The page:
Now that CRM success is more widely accepted, companies that directly interact with consumers have started to gain some traction with their customer initiatives. As a result, they’re beginning to understand the promise CRM holds when it comes to building relationships, fostering loyalty and creating new sales opportunities. For those companies that sell through traditional retail channels and third parties, however, CRM has not been regarded as a significant weapon in their arsenals, and certainly not as a driver of ROI. Instead, customer service departments and call centers often are viewed as line item expenses—simply the cost of doing business. This notion is incorrect and must be challenged.
Customer service departments drive an organization’s ultimate success or failure when it comes to customer relationships. Because they are the interactive focal point in determining the perceptions of new and existing customers, these departments are largely responsible for sustaining the trust and loyalty that translate into revenue growth.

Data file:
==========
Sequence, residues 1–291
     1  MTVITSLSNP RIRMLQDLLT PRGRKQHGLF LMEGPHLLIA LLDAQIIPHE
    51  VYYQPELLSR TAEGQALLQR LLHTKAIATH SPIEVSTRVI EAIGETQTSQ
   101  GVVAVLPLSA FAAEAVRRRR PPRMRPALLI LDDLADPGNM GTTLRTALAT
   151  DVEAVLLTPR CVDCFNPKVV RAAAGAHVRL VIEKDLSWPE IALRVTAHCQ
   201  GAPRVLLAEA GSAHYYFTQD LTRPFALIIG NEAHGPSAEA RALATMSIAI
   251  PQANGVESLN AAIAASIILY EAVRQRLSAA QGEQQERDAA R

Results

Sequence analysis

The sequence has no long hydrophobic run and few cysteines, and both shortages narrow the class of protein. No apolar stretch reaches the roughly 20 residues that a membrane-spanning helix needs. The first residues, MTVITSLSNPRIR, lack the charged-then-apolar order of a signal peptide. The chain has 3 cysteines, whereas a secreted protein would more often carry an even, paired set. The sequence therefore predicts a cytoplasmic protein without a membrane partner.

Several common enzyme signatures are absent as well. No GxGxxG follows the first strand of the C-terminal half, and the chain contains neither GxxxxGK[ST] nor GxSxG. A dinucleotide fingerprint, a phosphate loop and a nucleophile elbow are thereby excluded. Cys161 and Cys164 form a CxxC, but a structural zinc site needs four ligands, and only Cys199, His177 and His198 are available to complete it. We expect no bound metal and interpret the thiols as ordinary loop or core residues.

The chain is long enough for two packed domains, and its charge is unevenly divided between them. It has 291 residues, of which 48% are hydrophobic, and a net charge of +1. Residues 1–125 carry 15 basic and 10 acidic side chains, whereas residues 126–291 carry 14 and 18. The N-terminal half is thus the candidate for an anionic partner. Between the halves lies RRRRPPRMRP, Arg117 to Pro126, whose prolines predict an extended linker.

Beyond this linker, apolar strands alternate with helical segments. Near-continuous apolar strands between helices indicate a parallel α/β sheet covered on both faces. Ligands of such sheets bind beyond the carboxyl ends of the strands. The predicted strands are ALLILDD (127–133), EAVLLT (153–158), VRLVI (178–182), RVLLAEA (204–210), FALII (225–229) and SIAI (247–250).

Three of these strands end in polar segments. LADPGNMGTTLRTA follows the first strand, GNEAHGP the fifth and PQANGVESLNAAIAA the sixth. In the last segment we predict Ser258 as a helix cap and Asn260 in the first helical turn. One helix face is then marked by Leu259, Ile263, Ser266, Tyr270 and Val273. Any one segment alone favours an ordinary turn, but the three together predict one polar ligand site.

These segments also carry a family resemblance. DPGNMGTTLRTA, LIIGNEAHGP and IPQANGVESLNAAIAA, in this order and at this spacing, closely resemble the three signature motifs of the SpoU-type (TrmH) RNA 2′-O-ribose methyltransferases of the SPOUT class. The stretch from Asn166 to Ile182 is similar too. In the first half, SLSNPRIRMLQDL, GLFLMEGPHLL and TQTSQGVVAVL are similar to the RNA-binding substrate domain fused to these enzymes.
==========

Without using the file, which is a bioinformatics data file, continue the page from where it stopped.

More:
Companies that realize strong ROI from their call center investment typically can summarize the job of customer service in three key steps:
1. Engage customers and gather information.
2. Use the information to show how customers benefit from a relationship with your company.
3. Interact with customers in a way that makes them glad they’re doing business with you, and ultimately secure their loyalty to your company or brand.
Customer service reps (CSRs) do more than help their customers in a “one-off” situation; they identify new opportunities to engage the customer in continuous dialogue. To do this, they often see customers not only as individuals, but as a member of a household. They have to recognize the revenue potential of every consumer household in relationship to their products or services.
For example, a customer service rep (CSR) who works for a computer hardware company will be much more effective if he knows that his customer has children in college and may be interested in a discount on computing accessories.